In his famous plan for placing either one or two lanterns in the Old North Church steeple, Paul Revere was not trying to signal whether there would be trouble; trouble was certainly coming. He just wanted to let the Colonists know whether the Redcoats would be marching overland (a longer route which would allow more time to prepare) or would arrive more quickly, by boat.
As advisors and investors, we might do well to weigh the implications of this year’s presidential election in a similar fashion. It is already well established that serious financial trouble is in the neighborhood. We just want some idea of when it will explode so we can prepare.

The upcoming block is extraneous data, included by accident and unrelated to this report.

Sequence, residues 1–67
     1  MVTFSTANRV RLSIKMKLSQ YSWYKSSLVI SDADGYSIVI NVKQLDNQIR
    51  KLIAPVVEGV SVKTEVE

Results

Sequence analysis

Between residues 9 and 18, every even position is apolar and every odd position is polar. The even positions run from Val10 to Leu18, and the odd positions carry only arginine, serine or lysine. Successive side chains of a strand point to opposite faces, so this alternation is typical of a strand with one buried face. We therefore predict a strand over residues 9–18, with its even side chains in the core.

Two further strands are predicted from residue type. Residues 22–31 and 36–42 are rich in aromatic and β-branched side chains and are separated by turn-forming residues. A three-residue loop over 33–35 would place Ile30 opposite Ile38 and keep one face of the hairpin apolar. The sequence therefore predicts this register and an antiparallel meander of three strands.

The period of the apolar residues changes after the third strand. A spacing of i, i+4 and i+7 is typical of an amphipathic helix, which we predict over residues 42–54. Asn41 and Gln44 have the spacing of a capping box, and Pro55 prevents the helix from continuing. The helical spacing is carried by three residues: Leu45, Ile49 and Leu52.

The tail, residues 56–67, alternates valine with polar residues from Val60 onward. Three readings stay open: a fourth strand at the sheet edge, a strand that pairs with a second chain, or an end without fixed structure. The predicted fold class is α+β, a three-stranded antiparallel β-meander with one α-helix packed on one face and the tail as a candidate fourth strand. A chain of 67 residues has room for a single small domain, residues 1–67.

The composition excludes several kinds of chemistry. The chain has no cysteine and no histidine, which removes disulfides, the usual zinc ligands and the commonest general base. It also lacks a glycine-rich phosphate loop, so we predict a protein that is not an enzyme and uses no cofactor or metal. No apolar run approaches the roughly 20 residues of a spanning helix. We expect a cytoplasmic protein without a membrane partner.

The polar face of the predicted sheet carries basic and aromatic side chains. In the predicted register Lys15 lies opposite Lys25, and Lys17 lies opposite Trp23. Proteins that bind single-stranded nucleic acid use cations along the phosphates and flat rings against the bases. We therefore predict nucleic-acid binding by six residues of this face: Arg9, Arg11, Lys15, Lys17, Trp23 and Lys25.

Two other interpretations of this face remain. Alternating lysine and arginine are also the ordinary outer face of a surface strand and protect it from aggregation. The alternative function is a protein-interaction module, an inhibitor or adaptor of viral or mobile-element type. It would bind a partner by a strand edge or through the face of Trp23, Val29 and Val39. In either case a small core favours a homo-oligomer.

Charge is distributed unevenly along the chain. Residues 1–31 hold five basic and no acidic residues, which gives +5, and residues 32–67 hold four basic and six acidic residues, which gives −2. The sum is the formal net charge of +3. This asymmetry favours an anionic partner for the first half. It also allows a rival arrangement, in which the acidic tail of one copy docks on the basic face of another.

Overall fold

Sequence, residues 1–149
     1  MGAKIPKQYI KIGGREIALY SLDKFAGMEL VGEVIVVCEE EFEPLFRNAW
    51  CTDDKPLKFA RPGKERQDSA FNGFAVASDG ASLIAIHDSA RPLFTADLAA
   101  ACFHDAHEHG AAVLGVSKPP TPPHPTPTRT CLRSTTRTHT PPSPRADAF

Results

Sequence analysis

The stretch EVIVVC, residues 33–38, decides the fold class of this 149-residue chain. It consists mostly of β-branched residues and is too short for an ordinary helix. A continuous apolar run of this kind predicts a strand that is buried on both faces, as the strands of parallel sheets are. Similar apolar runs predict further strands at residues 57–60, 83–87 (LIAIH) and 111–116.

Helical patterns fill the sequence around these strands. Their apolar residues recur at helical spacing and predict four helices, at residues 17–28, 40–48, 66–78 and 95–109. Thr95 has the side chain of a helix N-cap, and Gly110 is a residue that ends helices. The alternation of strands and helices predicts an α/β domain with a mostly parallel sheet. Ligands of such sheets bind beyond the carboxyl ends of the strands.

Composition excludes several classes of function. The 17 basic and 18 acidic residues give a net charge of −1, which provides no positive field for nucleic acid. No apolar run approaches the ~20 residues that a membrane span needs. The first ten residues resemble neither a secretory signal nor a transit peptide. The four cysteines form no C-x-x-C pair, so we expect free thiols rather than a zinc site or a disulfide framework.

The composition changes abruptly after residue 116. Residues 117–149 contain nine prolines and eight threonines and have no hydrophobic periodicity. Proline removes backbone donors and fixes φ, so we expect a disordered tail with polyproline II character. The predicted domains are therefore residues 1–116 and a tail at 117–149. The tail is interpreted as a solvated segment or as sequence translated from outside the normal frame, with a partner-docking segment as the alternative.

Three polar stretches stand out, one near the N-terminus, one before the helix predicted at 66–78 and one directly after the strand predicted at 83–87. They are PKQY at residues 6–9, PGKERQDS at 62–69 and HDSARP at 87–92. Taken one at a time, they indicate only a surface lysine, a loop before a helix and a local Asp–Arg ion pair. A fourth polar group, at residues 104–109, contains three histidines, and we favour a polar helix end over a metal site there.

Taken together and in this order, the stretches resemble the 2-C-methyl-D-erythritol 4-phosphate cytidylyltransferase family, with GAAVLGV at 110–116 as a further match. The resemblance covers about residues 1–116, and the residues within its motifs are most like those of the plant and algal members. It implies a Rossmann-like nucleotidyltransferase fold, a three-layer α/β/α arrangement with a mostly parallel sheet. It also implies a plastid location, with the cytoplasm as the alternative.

Whether we focus on our GDP-sized sovereign debt swelling by more than a trillion dollars a year … or on the growth of government spending in relation to the private sector, the odds look very high that some painful version of deleveraging awaits us. It seems our selection of a candidate will, at best, determine whether we confront the spiraling debt head on and soon, or ignore it until it is large enough to destroy the economic system that has made America the destination of choice for the world’s emigrants.
Even if I could accurately predict our next president, I wouldn’t design a portfolio around it because:
a) nobody knows who will control the legislature, and
b) a president can always adapt to events.
I think the following are substantive differences between the parties in the current quadrennial quarrel: